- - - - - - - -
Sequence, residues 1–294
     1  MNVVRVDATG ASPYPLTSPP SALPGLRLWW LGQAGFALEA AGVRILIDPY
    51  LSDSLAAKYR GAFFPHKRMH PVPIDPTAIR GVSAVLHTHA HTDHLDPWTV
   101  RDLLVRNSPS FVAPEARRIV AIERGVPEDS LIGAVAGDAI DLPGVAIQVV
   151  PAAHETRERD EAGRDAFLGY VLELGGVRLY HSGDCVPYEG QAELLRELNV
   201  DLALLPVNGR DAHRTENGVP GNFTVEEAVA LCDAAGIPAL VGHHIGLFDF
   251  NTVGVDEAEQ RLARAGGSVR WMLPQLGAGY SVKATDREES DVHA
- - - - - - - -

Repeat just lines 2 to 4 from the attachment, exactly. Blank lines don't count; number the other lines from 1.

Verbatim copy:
     1  MNVVRVDATG ASPYPLTSPP SALPGLRLWW LGQAGFALEA AGVRILIDPY
    51  LSDSLAAKYR GAFFPHKRMH PVPIDPTAIR GVSAVLHTHA HTDHLDPWTV
   101  RDLLVRNSPS FVAPEARRIV AIERGVPEDS LIGAVAGDAI DLPGVAIQVV